Some of the best music of 2013 — Part 1
LEO’s music department asked dozens involved in this city’s scene to share lists of their favorite local music of 2013. Our selection committee was, admittedly, intentionally random — but each is a trusted member of our community. We didn’t exactly stop people on the street (even though many of them are probably in bands, too) for their two cents.
As it shook out, we got many great responses back. Two things we had already suspected were confirmed beyond a reasonable doubt: Louisville loves music, and this year, everyone loved the Debauchees.
Among the people who contributed, almost half put the Debauchees and their debut album, Big Machines and Peculiar Beings (on sonaBLAST! Records), on their list. Whistle Peak singer Billy Petot said, “The Debauchees! Duh! These guys are so much fun. Usually young folks tend to exude a bit too much rage for me, but these young ’uns are just plain f-u-n.” WFPK disc jockey Marion Dries mentioned their song “I’ve Got Energy” as one of her favorite individual songs of this year, noting, “Love the primitive punk ethic in their work.” Bryce Gill, guitarist for the Tunesmiths, called them “great, young talent and sincerely sweet kids. They will make Louisville proud.”
While this might be a surprise to some in a year that also included new albums from Jim James, Bonnie “Prince” Billy and Houndmouth, it shows how our community continues to develop new talent and support it, never sitting still even though there’s a deep bench to rely on.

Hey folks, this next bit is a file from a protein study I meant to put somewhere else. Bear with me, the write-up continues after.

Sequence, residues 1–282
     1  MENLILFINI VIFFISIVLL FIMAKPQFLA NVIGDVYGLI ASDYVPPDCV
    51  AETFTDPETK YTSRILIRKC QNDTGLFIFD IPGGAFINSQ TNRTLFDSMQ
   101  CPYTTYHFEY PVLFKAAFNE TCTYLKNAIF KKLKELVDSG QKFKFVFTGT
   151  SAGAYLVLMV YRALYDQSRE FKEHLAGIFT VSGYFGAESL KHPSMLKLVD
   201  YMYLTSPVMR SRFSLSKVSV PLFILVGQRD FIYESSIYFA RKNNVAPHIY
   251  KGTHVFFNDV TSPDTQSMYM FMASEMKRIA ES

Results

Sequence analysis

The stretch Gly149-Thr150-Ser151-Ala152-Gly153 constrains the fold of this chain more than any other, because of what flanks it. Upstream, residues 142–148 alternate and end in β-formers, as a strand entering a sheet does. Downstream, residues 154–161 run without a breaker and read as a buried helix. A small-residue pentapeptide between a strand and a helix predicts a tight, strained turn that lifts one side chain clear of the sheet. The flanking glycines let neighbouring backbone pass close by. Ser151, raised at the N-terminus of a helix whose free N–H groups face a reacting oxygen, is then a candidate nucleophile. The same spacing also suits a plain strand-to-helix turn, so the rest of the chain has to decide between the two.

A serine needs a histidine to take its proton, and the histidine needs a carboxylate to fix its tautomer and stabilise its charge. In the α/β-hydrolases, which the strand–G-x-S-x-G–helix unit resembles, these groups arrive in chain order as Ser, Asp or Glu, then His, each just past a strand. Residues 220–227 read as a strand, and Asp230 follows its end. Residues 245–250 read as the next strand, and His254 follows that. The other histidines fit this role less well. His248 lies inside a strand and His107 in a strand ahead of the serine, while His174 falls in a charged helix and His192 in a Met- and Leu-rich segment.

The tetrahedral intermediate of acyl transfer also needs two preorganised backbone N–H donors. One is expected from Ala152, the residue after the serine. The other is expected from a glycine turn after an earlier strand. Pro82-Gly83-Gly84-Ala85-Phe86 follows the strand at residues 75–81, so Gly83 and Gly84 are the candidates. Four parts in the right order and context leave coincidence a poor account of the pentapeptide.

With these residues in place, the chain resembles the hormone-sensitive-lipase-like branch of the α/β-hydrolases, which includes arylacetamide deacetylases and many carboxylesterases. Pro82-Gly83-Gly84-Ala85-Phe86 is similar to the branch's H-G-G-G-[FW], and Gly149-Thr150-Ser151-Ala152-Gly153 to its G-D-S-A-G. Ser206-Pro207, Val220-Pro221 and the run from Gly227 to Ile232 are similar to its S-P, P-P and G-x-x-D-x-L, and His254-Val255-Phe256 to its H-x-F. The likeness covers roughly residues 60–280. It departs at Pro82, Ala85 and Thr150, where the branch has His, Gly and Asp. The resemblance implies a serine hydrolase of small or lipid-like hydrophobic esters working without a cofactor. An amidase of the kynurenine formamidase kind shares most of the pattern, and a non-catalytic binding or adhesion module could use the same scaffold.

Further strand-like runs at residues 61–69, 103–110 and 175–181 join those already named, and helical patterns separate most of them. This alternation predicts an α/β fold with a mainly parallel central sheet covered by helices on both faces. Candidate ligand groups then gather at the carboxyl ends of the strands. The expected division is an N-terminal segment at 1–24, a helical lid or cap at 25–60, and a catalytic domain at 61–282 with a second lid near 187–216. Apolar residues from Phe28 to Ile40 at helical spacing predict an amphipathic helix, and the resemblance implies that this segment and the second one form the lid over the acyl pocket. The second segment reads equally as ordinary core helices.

It’s not a popularity contest, in the literal sense. We here at LEO like to take each song, each record, each show as its own thing; all have unique strengths and weaknesses. We don’t believe there can be a “best” or “worst” when it comes to artistic expression. In this case, we’re just sharing some recommendations.
The name dropped second-most by a jury of their peers was Old Baby. After putting their first record together after only a few months of existence, the all-star rock quintet took longer to make their second album, Love Hangover (on Karate Body Records), achieving a leap up from an already stellar debut and clarifying that this band is for real, not a mere side project (members also play solo and in Young Widows, Jaye Jayle, Sapat and Second Story Man). In his review for LEO, Syd Bishop wrote, “Given Old Baby’s penchant for dark, Americana-tinged songwriting, this is a surprisingly spry album, maintaining an unexpected momentum (given both the subject matter and material) … this Hangover succeeds as a well-crafted testament to the skill of its constituency.”
Following closely behind was a pair of artists who take a different approach to pop and rock, though less differently than it might look on the surface. Cheyenne Mize’s second solo album, Among the Grey (on the North Carolina label Yep Roc) also saw her step up her game. In this week’s music section, WFPK and LEO’s Kyle Meredith shares his thoughts on her achievement.
The young garage-rockers White Reaper received as many mentions as Mize, with “Night Visions Radio” DJ Sam Sneed raving, “My favorite local release of the year is White Reaper’s Conspirator (a 7-inch on Earthbound Records). I am just stoked people in Louisville are making this kind of music!” McKinley Moore, guitarist for Natives, said, “I’m sure someone else has said it already, but White Reaper is awesome.”
Also beloved locally lately was Anwar Sadat. The young punk trio’s first full-length, Gold (on Sophomore Lounge), had singer/guitarist Mark Kramer of Tender Mercy saying about it, “Loud, abrasive and catchy. Who else can do this?” Zach Hart, from the blog We Listen For You, called it, “A thunderous record that doesn’t pocket creativity for the sake of being ‘just another loud band,’” and added, “It’s a perfect artistic document to get the listener ready for Anwar Sadat’s live show ... one of the best live bands going in town today.”
Join us again next week for more of the best of 2013, locally and internationally.